Yes. Detecting this is what is described in the paper I referred in a post before (Auto-vectorization of interleaved data for SIMD). And what gcc is doing (AFAICT). You want to take a set of accesses in the loop and recognize that they are consecutive in memory (currently we look at every access on it is own, if an access is not sequential we assume we have to gather/scather). Once you know that you have consecutive accesses spread across different instructions you can generate more efficient code instead of scather/gathers. You would want to do the evaluation of which accesses are consecutive in SCEV I think.

For your example, you want to recognize strided accesses (this is separate from the induction/reduction mechanism), first:

for (i = 0 .. n, +1)
a[2*i] = …
a[2*1+1] = …

You want this part first because without it the loop vectorizer is not going to vectorize because of the cost of gather/scather. But if it can recognize that in cases like this the “gather/scather” is not as costly and we emit the right code we will start to vectorize such loops.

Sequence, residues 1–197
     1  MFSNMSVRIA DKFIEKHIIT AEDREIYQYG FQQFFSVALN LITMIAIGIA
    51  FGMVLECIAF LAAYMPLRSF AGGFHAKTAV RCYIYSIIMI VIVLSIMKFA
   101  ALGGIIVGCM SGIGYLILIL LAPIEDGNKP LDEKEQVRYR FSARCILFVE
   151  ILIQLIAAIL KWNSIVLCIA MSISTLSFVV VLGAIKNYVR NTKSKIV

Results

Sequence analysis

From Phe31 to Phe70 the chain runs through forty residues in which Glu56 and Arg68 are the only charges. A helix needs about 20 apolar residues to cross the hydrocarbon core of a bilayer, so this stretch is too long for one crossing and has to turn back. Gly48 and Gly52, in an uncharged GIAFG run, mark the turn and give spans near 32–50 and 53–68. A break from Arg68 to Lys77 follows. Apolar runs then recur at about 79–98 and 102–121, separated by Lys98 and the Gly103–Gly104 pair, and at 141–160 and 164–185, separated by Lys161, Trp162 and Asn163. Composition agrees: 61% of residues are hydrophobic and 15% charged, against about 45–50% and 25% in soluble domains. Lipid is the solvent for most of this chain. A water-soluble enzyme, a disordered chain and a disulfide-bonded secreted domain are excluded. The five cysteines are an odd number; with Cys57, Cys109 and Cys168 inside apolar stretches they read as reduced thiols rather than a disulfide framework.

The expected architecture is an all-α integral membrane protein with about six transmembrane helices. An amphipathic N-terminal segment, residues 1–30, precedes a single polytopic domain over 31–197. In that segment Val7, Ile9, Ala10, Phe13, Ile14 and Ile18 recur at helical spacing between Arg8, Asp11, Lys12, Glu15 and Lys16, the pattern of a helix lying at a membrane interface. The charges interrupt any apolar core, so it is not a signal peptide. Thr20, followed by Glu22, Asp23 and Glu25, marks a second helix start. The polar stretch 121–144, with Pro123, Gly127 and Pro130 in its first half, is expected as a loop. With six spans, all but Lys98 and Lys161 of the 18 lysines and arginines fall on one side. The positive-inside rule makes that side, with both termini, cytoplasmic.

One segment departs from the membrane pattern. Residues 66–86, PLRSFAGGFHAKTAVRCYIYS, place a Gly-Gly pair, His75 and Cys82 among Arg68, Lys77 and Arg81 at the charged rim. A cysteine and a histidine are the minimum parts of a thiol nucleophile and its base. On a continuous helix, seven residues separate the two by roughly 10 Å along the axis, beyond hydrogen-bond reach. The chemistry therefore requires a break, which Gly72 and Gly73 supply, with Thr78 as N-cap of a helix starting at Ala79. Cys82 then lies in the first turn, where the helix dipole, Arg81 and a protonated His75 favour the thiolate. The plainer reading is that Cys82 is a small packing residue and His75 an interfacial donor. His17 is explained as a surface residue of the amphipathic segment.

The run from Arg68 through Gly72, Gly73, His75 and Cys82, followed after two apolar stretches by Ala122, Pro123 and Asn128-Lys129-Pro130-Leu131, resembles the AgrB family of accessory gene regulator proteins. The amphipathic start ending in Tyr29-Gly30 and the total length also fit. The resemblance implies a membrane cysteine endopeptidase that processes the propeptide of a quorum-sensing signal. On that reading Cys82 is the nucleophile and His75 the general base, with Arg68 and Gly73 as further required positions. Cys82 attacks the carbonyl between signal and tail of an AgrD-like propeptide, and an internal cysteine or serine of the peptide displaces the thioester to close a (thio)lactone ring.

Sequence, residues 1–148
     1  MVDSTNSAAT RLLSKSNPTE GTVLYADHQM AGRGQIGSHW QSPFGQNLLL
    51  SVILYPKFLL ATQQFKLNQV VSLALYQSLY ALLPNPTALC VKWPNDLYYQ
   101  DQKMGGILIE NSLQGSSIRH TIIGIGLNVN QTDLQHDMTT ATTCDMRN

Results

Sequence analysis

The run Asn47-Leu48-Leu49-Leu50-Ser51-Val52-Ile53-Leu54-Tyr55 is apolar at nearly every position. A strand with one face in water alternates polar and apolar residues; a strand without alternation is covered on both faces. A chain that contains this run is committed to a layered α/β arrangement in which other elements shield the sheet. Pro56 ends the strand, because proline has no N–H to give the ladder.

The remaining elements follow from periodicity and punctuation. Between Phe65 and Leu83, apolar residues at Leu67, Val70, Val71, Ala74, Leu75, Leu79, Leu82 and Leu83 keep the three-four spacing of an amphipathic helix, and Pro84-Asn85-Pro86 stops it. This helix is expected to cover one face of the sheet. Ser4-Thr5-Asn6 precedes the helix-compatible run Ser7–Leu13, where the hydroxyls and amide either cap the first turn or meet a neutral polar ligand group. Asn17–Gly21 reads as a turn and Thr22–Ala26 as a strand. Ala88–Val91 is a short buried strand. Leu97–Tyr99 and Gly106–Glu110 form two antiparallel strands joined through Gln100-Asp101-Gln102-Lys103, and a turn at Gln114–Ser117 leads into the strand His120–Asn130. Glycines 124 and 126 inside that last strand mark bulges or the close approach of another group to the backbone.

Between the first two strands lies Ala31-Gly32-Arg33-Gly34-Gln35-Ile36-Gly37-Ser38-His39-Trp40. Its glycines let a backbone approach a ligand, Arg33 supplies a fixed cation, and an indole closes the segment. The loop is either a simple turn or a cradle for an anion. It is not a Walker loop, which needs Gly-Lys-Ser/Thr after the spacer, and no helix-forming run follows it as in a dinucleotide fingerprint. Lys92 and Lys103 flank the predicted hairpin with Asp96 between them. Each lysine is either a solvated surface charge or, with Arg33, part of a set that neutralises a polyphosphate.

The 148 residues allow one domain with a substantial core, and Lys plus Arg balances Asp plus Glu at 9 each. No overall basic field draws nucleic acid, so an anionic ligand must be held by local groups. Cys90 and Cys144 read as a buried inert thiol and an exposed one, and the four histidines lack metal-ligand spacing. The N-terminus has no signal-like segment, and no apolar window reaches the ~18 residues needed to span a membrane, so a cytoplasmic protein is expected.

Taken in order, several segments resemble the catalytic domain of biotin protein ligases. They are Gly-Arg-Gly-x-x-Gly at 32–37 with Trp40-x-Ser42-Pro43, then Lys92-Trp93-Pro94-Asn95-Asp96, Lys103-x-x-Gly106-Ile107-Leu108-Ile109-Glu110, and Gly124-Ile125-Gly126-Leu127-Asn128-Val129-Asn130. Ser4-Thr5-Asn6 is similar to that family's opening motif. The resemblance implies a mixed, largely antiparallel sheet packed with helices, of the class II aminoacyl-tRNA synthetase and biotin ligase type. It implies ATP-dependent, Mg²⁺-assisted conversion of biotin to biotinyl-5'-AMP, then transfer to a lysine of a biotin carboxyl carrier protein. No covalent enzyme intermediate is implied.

Once we can do that. We need to support strided pointer inductions to get your example.

for (i = 0..n, +1)
*a++=
*a++=

I guess this is why Nadav was hinting for the SLP vectorizer, not the loop vec. Since the operation on all three loaded values are exactly the same AND the writes are also sequential, I can reduce that to: load<3> -> op<3> ->
store<3>. That should work even on machines that don't have de-interleaved access (assuming they're pointers to simple types, etc).

Getting this example in the slp vectorizer is easier but we won’t get the most efficient code (i.e. the one that gcc emits) because we would have <3 x i8> stores/loads. With vectorization of interleaved data you can load/store more elements (from several iterations) with a single load.

can you post a hand-created vectorized IR of how a reduction would work on your example?

I'm not there yet, just trying to understand the induction/reduction code first and what comes out of it.